18 Ways Your Family Can Walk Together During Lent

The family that prays together, stays together.

Catholic families walk from St. Mary’s Cathedral to the New South Wales Parliament during the ‘Day of the Unborn Child’ gathering on Sunday in Sydney, Australia.
Catholic families walk from St. Mary’s Cathedral to the New South Wales Parliament during the ‘Day of the Unborn Child’ gathering on Sunday in Sydney, Australia. (photo: Lisa Maree Williams / Getty Images)

Many Lenten practices are, by their nature, private and individual. But this doesn’t mean that Lent is essentially a centered upon the self. Everything we do as Christians is as a community, and as one’s family is a community, we can share our Lent with them just as we can share practically anything else that is beautiful, important and profound.

The following are activities meant to be shared with your family. Feel free to explore them and add your own family religious traditions:

1. Dinnertime is family time. There’s hardly a psychologist alive who would recommend family members eat their meals in their own rooms apart from each other. Treat meals as sacred time that must be respected and honored. There will always be emergencies, and conflicting times schedules will always be difficult to work around, but the effort has to be made to spend real facetime together as a family.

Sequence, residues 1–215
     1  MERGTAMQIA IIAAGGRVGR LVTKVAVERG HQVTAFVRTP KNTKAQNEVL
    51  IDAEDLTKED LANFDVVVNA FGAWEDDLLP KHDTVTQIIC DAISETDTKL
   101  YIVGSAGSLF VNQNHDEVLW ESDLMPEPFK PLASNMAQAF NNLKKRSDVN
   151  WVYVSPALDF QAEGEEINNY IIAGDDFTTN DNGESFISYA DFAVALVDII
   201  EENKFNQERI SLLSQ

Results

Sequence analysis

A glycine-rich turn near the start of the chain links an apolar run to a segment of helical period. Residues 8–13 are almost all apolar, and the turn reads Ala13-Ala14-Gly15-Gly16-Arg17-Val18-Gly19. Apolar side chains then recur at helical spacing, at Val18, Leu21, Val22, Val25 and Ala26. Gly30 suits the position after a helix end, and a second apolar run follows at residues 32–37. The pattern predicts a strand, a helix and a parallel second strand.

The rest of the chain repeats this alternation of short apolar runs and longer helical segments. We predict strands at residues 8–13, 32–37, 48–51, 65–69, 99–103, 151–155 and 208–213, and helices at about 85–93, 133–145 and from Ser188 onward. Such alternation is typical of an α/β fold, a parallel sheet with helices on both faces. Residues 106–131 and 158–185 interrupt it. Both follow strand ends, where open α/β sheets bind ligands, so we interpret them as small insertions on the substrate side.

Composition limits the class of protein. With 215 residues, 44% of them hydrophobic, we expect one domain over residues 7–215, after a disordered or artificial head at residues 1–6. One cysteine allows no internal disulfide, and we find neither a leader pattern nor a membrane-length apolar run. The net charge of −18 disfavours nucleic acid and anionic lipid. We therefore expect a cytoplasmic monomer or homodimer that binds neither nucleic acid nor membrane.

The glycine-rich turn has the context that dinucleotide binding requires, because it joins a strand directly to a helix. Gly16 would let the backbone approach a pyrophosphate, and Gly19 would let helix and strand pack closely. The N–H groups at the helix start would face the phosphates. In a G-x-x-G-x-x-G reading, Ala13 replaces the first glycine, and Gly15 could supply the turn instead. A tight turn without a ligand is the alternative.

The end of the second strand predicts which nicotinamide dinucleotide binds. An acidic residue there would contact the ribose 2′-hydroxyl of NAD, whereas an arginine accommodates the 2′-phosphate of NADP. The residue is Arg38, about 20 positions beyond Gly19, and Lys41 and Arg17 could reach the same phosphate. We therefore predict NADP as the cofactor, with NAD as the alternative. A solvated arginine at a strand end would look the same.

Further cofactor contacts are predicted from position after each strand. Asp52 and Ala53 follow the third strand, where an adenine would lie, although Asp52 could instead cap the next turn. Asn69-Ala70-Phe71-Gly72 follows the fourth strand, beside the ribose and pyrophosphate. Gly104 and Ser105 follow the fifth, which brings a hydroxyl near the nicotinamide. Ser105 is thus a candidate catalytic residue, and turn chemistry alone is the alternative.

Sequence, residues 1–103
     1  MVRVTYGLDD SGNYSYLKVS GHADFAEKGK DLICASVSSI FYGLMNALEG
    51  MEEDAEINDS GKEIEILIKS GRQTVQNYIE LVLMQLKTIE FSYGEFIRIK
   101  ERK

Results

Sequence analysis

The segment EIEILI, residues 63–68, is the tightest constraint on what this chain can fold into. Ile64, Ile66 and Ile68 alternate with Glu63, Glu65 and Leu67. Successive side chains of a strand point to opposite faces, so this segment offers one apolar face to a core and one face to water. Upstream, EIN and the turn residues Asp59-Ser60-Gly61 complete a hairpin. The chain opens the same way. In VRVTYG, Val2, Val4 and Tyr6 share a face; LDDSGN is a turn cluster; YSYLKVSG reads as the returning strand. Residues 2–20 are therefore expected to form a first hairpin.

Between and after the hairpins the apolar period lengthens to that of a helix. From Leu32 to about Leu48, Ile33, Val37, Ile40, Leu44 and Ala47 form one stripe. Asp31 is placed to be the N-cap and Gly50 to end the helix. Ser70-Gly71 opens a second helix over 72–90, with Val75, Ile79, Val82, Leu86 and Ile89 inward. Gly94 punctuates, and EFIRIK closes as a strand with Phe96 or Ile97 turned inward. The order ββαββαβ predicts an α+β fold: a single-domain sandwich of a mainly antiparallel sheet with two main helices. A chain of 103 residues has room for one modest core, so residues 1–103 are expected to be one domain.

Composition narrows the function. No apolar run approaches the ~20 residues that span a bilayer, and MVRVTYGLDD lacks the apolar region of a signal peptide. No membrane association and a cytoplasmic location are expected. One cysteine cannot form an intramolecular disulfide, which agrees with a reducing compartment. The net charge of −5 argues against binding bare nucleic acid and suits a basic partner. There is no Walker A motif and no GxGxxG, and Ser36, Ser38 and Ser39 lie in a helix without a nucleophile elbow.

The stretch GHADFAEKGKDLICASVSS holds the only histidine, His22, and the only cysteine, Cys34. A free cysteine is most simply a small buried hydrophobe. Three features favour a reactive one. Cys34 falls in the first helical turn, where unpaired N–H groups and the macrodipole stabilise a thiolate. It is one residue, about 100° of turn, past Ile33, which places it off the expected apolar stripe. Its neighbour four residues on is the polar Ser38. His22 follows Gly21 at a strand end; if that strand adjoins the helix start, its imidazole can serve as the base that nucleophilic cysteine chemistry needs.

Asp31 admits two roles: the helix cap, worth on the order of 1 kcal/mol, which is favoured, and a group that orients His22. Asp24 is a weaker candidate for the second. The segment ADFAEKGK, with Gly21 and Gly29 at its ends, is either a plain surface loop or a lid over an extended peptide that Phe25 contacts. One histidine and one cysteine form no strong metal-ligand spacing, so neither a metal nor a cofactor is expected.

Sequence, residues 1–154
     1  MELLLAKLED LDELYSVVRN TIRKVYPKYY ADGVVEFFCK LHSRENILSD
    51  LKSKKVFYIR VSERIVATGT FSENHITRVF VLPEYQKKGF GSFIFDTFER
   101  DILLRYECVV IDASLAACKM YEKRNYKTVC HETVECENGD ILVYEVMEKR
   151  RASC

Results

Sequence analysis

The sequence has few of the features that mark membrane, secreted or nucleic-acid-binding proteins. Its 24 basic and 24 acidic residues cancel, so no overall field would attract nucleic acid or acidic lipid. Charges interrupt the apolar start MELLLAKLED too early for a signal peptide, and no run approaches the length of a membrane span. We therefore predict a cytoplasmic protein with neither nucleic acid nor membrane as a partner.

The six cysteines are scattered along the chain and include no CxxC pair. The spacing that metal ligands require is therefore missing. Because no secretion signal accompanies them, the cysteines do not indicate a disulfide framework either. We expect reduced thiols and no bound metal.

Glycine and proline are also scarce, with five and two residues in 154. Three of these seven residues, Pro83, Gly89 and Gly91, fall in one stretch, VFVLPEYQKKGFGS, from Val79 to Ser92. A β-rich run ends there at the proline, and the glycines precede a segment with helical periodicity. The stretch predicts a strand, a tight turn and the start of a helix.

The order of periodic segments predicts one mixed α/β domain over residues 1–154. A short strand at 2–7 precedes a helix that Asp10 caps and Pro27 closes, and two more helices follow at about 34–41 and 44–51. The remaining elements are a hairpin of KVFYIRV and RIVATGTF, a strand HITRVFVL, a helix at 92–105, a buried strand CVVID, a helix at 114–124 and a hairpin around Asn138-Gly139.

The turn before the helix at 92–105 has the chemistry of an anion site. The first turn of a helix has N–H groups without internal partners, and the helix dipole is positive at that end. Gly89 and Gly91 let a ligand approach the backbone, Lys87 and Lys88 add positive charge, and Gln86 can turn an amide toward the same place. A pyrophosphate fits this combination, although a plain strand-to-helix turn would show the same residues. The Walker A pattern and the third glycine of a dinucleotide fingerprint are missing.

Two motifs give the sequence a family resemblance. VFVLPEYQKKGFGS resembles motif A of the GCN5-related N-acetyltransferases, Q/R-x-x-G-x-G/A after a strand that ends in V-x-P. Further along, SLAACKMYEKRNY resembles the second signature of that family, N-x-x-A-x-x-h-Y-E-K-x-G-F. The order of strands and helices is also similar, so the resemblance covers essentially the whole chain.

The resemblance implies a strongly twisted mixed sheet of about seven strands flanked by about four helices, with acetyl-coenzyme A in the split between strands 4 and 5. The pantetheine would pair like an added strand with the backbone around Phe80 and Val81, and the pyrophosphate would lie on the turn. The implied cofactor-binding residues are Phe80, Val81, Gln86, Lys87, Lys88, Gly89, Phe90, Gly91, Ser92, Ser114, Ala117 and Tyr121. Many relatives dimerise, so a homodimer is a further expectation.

2. Say grace before meals, both in restaurants and at home. Generally speaking, I take seriously Christ’s admonition about praying away from prying eyes (Matthew 6:6) but when one does so for the sake of others rather than for oneself, it seems like a gentle and efficacious means by which to evangelize. Like other overt public displays of piety, this can be a bit humbling but it is a magnificent opportunity to give to God that which is his (Matthew 22:16-22).

3. A family that prays together, stays together. Many of the world’s problems are a direct result of not bringing God into our lives. Prayer can unite, heal, clarify, elucidate and motivate. Start off with grace at meals and work your way up to the Rosary. In this world, it can only help.